Meanwhile, China thinks about going around the electric car inconveniences by making electric car cheaper, battery swappable, and so on. According to Forbes “The Chinese Key to Electric Car Adoption” article, it seems that China is capable and well positioned to fast track a goal in which to boost domestic use of electric cars in large scale in a short period of time. China is probably worrying about a very high domestic demand for more cars by her increasing wealthy general population. Perhaps, China is worrying that too many gasoline type of cars on the road would only lead to more oil dependency and environmental issues at home. In a way, by looking at China’s healthy economic growth and an overpopulated population, we can make an educated guess that oil dependency in China will be on a scale that might just dwarf every other domestic oil dependency in the world. Furthermore, as China continues to seek out for more oil, it is entirely possible to predict that China might on a collision course with the United States in battle over oil. Or has it already begun?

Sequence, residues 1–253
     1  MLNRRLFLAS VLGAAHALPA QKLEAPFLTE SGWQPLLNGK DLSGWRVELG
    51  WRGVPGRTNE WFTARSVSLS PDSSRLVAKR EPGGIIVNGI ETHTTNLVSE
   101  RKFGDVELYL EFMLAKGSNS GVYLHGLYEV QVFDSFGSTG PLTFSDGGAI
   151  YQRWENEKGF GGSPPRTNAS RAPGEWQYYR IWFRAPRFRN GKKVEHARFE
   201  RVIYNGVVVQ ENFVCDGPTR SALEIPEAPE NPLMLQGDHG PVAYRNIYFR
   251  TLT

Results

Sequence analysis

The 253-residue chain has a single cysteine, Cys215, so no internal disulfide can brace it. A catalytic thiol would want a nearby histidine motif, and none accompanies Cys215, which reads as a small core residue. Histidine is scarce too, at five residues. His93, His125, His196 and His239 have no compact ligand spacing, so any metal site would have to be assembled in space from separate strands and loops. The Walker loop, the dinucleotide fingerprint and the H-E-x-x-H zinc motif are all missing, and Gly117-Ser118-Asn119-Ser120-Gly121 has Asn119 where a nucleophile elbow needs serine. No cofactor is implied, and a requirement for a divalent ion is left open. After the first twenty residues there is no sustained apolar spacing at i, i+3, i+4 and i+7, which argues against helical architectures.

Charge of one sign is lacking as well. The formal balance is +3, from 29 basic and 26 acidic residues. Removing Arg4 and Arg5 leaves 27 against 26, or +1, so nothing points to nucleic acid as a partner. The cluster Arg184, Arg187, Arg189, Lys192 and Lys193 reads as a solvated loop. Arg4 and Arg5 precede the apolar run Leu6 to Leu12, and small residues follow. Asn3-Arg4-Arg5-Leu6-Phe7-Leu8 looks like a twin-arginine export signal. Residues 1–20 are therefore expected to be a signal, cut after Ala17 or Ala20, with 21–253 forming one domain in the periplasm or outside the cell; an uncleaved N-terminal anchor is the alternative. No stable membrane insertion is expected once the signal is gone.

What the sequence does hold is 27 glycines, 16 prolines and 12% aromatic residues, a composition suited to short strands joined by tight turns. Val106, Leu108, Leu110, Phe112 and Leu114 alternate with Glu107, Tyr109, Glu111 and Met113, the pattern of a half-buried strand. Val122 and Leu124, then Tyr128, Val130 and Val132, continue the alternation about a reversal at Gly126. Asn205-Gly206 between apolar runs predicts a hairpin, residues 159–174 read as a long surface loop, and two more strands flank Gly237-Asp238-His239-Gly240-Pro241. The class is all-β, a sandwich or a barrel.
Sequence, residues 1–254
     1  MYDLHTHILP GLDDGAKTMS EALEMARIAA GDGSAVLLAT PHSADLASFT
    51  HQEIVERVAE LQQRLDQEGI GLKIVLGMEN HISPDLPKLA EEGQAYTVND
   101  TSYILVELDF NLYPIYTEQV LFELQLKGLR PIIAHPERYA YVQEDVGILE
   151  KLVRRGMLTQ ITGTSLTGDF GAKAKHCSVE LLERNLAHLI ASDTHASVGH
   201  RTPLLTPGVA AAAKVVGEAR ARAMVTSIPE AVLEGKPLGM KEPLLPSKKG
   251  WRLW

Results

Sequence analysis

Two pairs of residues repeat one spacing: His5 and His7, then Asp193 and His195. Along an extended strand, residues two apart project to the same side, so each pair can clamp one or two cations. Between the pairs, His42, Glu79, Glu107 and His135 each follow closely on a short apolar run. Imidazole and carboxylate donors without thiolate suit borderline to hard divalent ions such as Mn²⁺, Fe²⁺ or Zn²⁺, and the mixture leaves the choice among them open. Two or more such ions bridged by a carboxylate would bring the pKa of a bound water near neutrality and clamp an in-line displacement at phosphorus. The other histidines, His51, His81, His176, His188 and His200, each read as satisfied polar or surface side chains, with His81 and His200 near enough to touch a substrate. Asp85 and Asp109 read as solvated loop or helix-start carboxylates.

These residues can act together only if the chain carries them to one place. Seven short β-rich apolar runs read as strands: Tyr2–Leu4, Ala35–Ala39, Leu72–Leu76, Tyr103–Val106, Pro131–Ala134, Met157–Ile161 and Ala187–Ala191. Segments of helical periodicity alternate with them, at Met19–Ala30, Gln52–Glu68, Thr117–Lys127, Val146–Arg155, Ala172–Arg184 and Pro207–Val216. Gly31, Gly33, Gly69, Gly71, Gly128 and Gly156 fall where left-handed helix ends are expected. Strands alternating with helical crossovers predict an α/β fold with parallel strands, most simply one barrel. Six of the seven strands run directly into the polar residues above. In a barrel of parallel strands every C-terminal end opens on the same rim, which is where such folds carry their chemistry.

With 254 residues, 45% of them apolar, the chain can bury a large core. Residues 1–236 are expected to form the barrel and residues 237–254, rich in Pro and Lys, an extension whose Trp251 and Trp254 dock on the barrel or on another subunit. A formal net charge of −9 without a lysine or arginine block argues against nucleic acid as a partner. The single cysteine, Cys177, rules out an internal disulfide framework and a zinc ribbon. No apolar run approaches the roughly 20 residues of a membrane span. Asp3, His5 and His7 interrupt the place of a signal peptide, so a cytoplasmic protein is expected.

It’s unthinkable to see China and United States might wage war over oil. China is not a nation that can be pushed around easily anymore. China has the kind of economic prowess that can help China sustains any ongoing war. Furthermore, China is now heavily modernizing its entire armed forces, making China to be very capable in defending itself against foreign attacks. If everything goes wrong, China has its nuclear arsenal to incite world nuclear war. In short, China knows that she needs to build enough alternative energy infrastructure alongside the oil infrastructure while she is wealthy enough to do so, and by doing this she is well preparing for whatever might happen in the future. Obviously, oil is also a finite resource, therefore China doesn’t have to predict but know a future which depends entirely on oil infrastructure is not really a future.